“We use Facebook to schedule the protests, Twitter to coordinate, and YouTube to tell the world.” –Anonymous Cairo Activist
Twitter, Facebook and YouTube, among a host of other popular social media platforms, have significantly altered the ways by which individuals communicate and share information with each other on a daily and, in fact, constant basis. Now, the free access and exchange of user-generated content over the internet has proven not only its ability to connect individuals in Japan with individuals in Sweden, but also its ability to dramatically influence the geopolitics of the Middle East, North Africa and elsewhere around the globe. In Tunisia, Egypt and Libya, users of social networking sites have displayed a profound proficiency for organizing demonstrations and other peaceful protests in the face of autocratic, and often brutal, regimes. Although pluralistic unrest directed at undemocratic and unpopular leaders has considerably increased recently, (see Oman, Bahrain, Yemen, Iraq, Mauritania, Iran, Jordan, Algeria, Djibouti, Kuwait, Sudan, Syria, Morocco, Palestine, et cetera), the insurrections in Tunisia, Egypt and Libya offer many of the most noteworthy examples of the role and influence of social media in the modern era.
Tunisia: In Tunisia, demonstrators adamantly demanding basic economic and social reforms, and later advocating for the complete ouster of embattled President Zine El
Abidine Ben Ali, initially relied heavily upon email and Facebook accounts to prepare for and organize rallies in Sidi Bouzid and throughout the country. Tunisian authorities quickly sought to censor the increasing dissent propagating from within the country’s borders and commenced an elaborate and far-reaching “phishing” operation in order to not only silence the critique, but to also target the individuals responsible for initiating the unrest. Government officials succeeded in rendering many of these channels of communication inoperable or hazardous to users because of censorship and monitoring campaigns intended to subdue dissent. Activists, however, soon turned to Twitter, which is largely immune to many of the tactics that were employed by the Ben Ali regime. Twitter became the primary tool of communication for anti-government activists once other access to other methods of online communication such as blogs, email and Facebook were diminished. Twenty-eight days after the first protests began, having already fled the country, Ben Ali officially announced his resignation.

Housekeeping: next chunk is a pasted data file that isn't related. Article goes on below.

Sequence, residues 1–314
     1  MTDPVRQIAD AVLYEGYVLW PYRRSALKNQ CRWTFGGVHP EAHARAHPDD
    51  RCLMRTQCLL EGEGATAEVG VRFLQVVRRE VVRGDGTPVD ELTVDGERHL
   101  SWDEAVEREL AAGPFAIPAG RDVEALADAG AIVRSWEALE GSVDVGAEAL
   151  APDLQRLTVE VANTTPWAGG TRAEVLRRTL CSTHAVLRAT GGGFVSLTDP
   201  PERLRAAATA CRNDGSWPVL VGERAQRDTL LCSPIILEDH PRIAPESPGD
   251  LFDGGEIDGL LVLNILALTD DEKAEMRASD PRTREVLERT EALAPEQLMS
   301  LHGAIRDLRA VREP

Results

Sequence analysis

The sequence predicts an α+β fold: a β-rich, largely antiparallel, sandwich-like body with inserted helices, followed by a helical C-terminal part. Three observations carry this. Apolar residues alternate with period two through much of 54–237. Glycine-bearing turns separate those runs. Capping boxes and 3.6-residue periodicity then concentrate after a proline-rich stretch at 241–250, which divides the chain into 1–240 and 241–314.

Egypt: In Egypt, Facebook provided a fairly natural outlet for the disaffected to demonstrate popular dissent and organize protests against economic and social injustices committed by the government, particularly for workers and youth. Before the recent popular uprisings which succeeded in toppling former Egyptian President Muhammad Hosni Sayyid Mubarak, Facebook had been used successfully to organize mass strikes against poor working conditions. The “April 6 Youth Movement” and “We are all Khaled Said” Facebook pages garnered tens of thousands of followers, often in impressively short periods of time. When Egyptian authorities attempted to censor the public’s access to the internet, Twitter ingeniously established a service which allowed Egyptians to post to Tweet via telephone. With the use of these and other platforms, the protests that began on 25 January grew seemingly exponentially until the eventual resignation of Hosni Mubarak eighteen days later. Wael Ghonim, a prominent Egyptian activist involved in the recent uprising, went so far to as to say that “[t]his revolution started online. This revolution started on Facebook.”
Libya: At the time of this writing, the insurrection in Libya has yet to decisively culminate either in favor of Libyan protestors or supporters of the government, while Muammar Muhammad al-Gaddafi bitterly continues to cling to power and threatens to use escalating force against peaceful demonstrators and anti-government activists who dare even to leave their homes. And although Libyan society is and has been much more isolated to the rest of the world than Tunisia or Egypt, for example, reports from inside the country indicate that social media networks such as Facebook and Twitter have been utilized in order to organize many of the nationwide demonstrations that have so far claimed much of the country. Tweets and YouTube videos have escaped from within the country and have exposed international audiences to the atrocities that have been committed by Colonel Qaddafi’s regime. Because of this exposure, the international community has begun to implement or at least consider options including enforcing a no-fly zone over Libyan air space, freezing assets of the regime, implementing weapons and economic embargoes, and perhaps even military action. Time will tell whether the revolt in Libya will be successful or not, but one can already draw the conclusion that social media will undoubtedly play an important role in the outcome. The national security community within the United States must be prepared to follow technological trends such as these, as well as learn how to properly utilize and understand them if U.S. interests are to be maintained in the Middle East and Northern Africa.